Expert Insights

Road Test: 2024 Honda Prologue

Michael Bettencourt
April 11, 2024
Honda’s first all-electric midsize EV SUV borrows a battery, platform and some switchgear from the Chevy Blazer EV, but it has with major advantages in software – and also offers the full $7,500 federal rebate.
2024 Honda Prologue parked outside

Honda EV History

Arriving in dealers this April, the all-new Honda Prologue midsize electric SUV is the brand’s first leap into mainstream battery-electric vehicles (BEVs). Aside from a few plug-in stutter-steps in the U.S. market – marked previously by Honda vehicles built in tiny numbers to meet shifting California emissions regulations – this is the first serious plug-in Honda to be offered to the mass market.

Honda’s history with EVs is an interesting one. It started with the battery-electric EV Plus, which was offered for lease in California in the late 1990s. Between 2017 and 2019, the Honda Clarity electric vehicle was available in California and Oregon, but only leased – and in miniscule numbers. More recently, Honda’s plug-in toe-dipping extended further across the country with the Clarity plug-in hybrid, which offered about 50 miles of range on electric before the gas engine took over. That vehicle also had a limited lifetime, retiring after four years at the end of 2021.

Which makes the Prologue Honda’s first BEV offered nationwide, even if is not technically Honda’s first BEV in the U.S. market.

For potential electric SUV buyers, the overall impression after driving and DC quick-charging the Prologue is that it may not be the most exciting, fastest-charging, or longest-range EV in its class, but it seems designed to ease the transition from gas vehicles to BEV life in both positive and negative ways.

Honda Prologue parked outside a building

Joint Venture With General Motors

The Prologue is produced as a joint-venture with General Motors, and therefore uses the underpinnings (battery and motors) from GM’s Ultium line of vehicles. That means it’s almost exactly the same length as the Chevrolet Blazer EV and Cadillac Lyriq, two roomy mid-size battery EVs that hit the market in 2023. It also means the Prologue crossover has a roominess advantage over most other five-seaters in this class, being notably wider and longer than key rivals such as the Tesla Model Y, Hyundai Ioniq 5 and Ford Mustang Mach-E.

Going into this test, software and charging issues with early Blazer EV models had led GM to put a stop on the sale of Blazer EVs in December due to software and charging issues, with software revisions needed before it went back on sale in early March.

So, I was on the lookout for any glitchy screens or issues with charging with the Prologue, but I encountered none while driving and photographing multiple examples of the Prologue throughout the day.

The Prologue’s software is built off the same base as the GM products, but then development split, said Honda officials at its driving launch in Healdsburg, a charming little town in Sonoma wine country about 90 minutes north of San Francisco. Seat materials are also unique inside, but you can see an OnStar button on the infotainment screen and some switchgear familiar from various GM vehicles.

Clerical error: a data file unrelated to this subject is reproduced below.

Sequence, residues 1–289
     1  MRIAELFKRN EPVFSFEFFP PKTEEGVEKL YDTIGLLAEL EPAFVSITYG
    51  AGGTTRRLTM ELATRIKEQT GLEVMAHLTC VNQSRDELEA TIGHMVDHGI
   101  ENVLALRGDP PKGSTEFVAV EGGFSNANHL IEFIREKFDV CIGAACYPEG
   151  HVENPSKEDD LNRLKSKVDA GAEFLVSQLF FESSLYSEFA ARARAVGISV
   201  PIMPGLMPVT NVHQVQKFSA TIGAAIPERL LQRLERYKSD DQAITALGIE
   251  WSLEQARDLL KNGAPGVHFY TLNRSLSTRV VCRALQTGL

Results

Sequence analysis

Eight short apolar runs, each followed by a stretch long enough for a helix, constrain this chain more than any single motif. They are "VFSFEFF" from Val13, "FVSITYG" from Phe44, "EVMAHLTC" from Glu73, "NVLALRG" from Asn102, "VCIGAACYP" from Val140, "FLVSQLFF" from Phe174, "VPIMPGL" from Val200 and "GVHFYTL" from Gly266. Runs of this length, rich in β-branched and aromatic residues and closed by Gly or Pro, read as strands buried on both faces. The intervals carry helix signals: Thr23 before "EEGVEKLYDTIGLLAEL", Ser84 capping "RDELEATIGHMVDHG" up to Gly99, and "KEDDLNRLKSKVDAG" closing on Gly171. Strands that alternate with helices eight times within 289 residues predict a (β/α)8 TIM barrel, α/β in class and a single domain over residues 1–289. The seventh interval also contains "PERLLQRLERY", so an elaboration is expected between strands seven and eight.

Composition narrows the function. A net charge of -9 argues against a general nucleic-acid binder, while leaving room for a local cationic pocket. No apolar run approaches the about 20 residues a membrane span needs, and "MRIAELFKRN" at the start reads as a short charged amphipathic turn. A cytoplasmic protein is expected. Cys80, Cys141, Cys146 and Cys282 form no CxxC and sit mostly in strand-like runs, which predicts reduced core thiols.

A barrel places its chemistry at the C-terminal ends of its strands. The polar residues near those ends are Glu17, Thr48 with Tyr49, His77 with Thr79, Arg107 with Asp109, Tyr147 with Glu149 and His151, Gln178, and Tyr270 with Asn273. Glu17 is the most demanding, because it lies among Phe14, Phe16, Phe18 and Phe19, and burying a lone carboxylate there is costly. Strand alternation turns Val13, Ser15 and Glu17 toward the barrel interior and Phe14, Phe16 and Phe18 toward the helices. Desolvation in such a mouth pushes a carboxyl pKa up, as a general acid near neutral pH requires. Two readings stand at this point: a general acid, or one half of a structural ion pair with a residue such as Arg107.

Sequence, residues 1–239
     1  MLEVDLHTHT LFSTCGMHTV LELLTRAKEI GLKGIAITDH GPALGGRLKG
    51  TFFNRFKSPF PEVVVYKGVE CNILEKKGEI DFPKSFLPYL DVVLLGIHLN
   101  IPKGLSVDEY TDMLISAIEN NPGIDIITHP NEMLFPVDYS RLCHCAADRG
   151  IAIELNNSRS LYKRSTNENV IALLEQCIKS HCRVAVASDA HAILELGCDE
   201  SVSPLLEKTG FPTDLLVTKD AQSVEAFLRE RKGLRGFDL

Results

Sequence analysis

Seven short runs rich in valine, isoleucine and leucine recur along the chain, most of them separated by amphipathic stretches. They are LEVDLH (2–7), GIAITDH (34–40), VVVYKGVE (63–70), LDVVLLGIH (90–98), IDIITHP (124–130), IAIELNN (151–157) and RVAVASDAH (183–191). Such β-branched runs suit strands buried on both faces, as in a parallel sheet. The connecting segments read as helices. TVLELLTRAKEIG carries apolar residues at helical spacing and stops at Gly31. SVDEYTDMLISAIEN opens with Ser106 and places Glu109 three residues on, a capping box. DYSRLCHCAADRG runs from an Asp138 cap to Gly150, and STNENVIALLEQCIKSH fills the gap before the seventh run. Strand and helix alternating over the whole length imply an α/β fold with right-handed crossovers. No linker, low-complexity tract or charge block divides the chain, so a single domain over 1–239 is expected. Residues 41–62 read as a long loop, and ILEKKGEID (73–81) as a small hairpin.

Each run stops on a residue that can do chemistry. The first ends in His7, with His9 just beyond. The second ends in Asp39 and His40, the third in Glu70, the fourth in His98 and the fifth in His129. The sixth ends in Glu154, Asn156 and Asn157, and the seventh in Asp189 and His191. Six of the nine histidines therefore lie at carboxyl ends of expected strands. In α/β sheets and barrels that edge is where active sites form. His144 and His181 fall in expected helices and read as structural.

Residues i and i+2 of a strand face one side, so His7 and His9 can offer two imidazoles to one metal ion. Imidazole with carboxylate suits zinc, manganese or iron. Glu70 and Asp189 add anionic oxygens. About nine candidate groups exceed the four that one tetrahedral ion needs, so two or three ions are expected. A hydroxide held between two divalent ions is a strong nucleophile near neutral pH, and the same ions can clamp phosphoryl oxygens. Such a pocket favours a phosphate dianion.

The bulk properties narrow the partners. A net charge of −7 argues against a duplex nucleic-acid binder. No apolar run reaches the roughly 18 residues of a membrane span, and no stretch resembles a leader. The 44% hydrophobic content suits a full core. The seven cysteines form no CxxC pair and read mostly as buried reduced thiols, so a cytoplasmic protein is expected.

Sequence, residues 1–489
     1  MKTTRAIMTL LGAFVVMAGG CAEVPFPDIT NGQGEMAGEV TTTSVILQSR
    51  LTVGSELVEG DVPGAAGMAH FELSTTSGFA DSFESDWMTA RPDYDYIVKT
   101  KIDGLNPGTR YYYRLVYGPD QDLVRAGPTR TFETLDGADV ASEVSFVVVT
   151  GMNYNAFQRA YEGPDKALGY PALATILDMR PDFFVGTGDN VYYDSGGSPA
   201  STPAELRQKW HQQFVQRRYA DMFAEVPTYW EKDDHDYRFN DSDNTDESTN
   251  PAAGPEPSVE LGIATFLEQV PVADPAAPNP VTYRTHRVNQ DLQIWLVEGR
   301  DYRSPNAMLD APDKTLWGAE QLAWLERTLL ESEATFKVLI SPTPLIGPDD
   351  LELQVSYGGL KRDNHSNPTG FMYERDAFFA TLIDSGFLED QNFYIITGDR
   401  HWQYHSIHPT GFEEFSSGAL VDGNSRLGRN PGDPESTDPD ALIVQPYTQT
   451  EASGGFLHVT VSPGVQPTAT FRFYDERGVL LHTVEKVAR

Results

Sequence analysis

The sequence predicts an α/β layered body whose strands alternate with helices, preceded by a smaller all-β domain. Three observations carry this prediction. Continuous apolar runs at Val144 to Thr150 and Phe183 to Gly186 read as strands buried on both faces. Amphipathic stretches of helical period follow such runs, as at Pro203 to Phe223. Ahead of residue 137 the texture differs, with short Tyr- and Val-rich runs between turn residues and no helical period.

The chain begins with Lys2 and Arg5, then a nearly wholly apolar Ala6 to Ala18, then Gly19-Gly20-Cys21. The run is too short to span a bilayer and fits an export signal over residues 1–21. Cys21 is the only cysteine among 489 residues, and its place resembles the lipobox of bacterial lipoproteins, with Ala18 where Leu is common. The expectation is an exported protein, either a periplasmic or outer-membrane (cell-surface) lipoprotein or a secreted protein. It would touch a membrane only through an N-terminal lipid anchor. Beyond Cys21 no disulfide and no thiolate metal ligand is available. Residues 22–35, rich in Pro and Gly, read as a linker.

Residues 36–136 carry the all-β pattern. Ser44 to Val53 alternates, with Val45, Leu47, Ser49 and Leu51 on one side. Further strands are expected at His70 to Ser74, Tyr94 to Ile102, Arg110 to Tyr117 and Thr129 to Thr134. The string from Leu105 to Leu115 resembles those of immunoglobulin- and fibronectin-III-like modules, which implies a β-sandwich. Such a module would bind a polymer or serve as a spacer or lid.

Honda Prologue Pricing and Trim Levels

It's worth noting that the Prologue is be eligible for the full $7,500 federal U.S. rebate, just as the Blazer EV is. It’s priced aggressively, with a starting MSRP for the base front-drive Prologue EX model at $47,400, and the all-wheel drive EX at $50,400, all before a $1,395 freight charge. Even though the Blazer EV has recently had a price reduction, it is still more expensive, with a starting MSRP of $50,195 before freight for a front-drive 2LT model, or $54,595 for the RS all-wheel drive model.

The top-line Elite models that we drove in California have a starting MSRP of $57,900, but have the same power and torque as all the dual-motor all-wheel drive models: 288 hp and 333 lb-ft of torque.

Not surprisingly, Honda saved the more powerful (358-500 hp) motors available in the top Blazer SS EV and Lyriq models for the upscale Acura ZDX, which starts at an MSRP of $64,500 for the rear-wheel drive base model A-Spec. That does mean the Honda Prologue is less powerful than many of its mainstream rivals, especially in front-wheel drive form, with 212 hp and 236 lb-ft of low-end oomph.

honda prologue charging at home

Distinctive Honda Design

Design-wise, the Honda Prologue looks very different from the more aggressive Blazer EV, with smoothly-rounded corners that have enough of a family resemblance to seamlessly fit into a Honda showroom. Unlike the boxier Hyundai Ioniq 5 EV or sleeker Kia EV6, the Prologue isn’t a very distinctive SUV a distance, especially if you can’t see the Honda logo or new retro-styled Honda script on its rear tailgate. But, that’s likely true of the majority of SUVs and crossovers, no matter if electric or not.

Styling is always subjective, but a small touch I appreciate about the Prologue’s exterior is its regular charging port door. It opens with a manual push, just like the gas flap on most vehicles, but on the driver’s side fender. Even the base Blazer EV and Lyriq models have a motorized charge port door that powers up and down – often with a stuttering motion that doesn’t inspire confidence on how it would deal with freezing temperatures, or long-term use.

This, plus the rear window wiper, are two simple but appreciated exterior features that may not be the highest tech, but continue Honda’s tradition of putting the driver first in terms of usability.